Riot are expected to respond by engraving the League logo into the surface of Mars or something later in the year.



To read more Three Lane Highway, click here.
PC Gamer
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title="Permanent Link to Three Lane Highway: what tournament play has taught me about Dota 2">Tidehunter Ravage







Three Lane Highway is Chris' column about Dota 2.



You're always learning, whether or not it feels like it. I've had games of Dota where I've felt like I've learned nothing at all, where my mistakes have been obvious to me (and probably to everybody else involved) and my victories have been conducted against enemies too busy screaming at each other or eating paint to make it mean anything. There is always, however, a way to learn.



If you work on your ability to pick apart a situation to understand its various components which is something I've written about in this column before then it's possible to derive rules and principles that are tremendously helpful. This is because your performance in Dota is made of up two things. The first is the obvious stuff: the mixture of game knowledge and mechanical skill that comprises the better part of your matchmaking rating. The second part is more nebulous, because it's bound up in things that are personal to you. Whether you have an ego or not. Whether or not you are calm. Whether you can comprehend and act on criticism. You are always able to work on the latter, and you should, because it'll make you happier and better at the game.



I've been playing in a couple of tournaments recently. I'm part of a games industry Dota 2 tournament called The Rektreational that has been running for a couple of months. I'm on team Venomancer, I Hardly Know Her? with Philippa Warr of RPS, freelancer Phill Cameron, PyrionFlax, and shaneomad. We've won our first two matches and are through to the third round.



I'm also in a team called the Hot Dukes and last night we took part in the qualifiers for the Epic LAN EGX Dota 2 tournament, the finals for which will be held at the EGX expo in London at the end of month. We won our first game and got crushed in the second. We learned a bunch of things. We'll turn them into rules and move on. That's how this stuff works.



Playing in this way has reinforced a bunch of things that felt like I knew about the game and myself and corrected many others. I'm by no means a good player, but I think I have an alright attitude and slowly but surely I've arrived at the point where I think I've got actual advice to share about playing structured Dota.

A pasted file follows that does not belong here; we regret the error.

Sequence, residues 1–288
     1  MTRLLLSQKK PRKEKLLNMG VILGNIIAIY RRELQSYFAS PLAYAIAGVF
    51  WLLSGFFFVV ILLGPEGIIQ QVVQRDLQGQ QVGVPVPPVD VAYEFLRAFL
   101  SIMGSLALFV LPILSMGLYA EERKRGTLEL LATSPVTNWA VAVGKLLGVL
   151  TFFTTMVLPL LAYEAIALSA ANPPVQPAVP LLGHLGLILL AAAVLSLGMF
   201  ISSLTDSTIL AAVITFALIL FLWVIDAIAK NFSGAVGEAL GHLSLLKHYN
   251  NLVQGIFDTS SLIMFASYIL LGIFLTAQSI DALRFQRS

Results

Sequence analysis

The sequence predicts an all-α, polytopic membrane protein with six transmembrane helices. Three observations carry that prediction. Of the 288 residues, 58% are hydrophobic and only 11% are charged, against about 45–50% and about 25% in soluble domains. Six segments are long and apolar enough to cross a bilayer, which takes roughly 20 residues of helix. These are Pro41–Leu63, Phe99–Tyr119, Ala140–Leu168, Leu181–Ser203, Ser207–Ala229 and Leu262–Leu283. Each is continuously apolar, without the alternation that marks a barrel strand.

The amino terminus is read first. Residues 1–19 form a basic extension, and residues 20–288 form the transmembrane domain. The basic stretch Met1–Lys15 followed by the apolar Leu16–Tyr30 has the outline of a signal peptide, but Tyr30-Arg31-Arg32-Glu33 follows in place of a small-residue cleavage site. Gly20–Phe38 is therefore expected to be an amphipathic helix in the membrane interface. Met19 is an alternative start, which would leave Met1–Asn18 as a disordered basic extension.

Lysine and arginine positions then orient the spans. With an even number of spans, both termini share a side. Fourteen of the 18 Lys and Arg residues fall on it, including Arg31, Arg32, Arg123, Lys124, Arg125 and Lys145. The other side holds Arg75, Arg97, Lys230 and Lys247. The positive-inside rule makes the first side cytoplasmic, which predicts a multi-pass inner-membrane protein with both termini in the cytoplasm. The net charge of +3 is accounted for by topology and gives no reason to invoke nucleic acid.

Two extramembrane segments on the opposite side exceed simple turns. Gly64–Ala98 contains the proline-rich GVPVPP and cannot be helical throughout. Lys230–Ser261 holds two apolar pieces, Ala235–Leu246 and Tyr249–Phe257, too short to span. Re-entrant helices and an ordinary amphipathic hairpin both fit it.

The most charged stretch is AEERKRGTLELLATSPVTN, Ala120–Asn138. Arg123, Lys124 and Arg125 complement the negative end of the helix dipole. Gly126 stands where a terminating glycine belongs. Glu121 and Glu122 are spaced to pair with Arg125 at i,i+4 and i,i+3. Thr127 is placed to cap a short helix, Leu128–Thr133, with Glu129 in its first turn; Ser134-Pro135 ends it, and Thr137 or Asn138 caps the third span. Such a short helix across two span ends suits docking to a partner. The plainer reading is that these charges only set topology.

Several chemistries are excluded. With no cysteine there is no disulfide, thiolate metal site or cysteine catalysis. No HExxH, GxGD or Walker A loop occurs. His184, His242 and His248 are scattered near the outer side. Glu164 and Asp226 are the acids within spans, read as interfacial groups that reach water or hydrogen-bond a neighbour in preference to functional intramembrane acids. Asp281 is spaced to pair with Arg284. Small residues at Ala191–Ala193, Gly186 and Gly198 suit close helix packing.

The first piece of advice, which anybody who was watching the Epic LAN stream last night will understand, is 'don't blink directly into a Disruptor ult'. Yep. Learned that one. The rest of this is somewhat more elaborate.



The theorycraft has no brakes



...and that can get you in trouble. The funny thing about Captain's Mode is that it looks and feels like the type of Dota that you see talented professionals playing. The thing is, you are probably not a talented professional Dota player. It is very, very easy to get carried away by imitating strategies you're not fully capable of pulling off, and to be led astray by a metagame that you think you understand fully but probably don't. That's the thing about the metagame: it's easy to learn because it's not, ultimately, about personal skill. It's about knowledge, and knowledge can be memories - and misused.



Adhering tightly to the same set of top tier bans because that's what the players you admire do can hold you in good stead when your opponents are doing the same thing, but it's not always right. If you know your enemy, banning out their favourite heroes is almost certainly better. If you don't, banning Razor, Viper and Void isn't necessarily going to save you. They might run Silencer, and that guy is a total prick unless you have the individual talent to outlane him and, later in the game, the team coordination to disengage from fights properly.



It comes down to humility, really. Don't bind up all of your hopes in theorycraft that you can't pull off. In turn, don't feel bad if your skill level restricts the kinds of strategies you can try that is just a fact of life. The moment you find yourself unable you pull off a strat you think you understand, you've identified something fixed and tangible that you should be trying to correct about your play. You've identified another rung on the ladder. Just expect to slip a few times before you get a hold on it.



It's okay to be a tryhard sometimes



This might seem contrary given what I've just written, but there are times when taking teamplay 'too' seriously is actually the best thing you can possibly do especially when it concerns all that ego and discipline stuff I won't stop talking about. Reining in your ambitions in terms of strategies and hero drafts is possibly a good thing. Learning to act and communicate like an actual team is, however, the best thing you can possibly do if you want to take Dota seriously.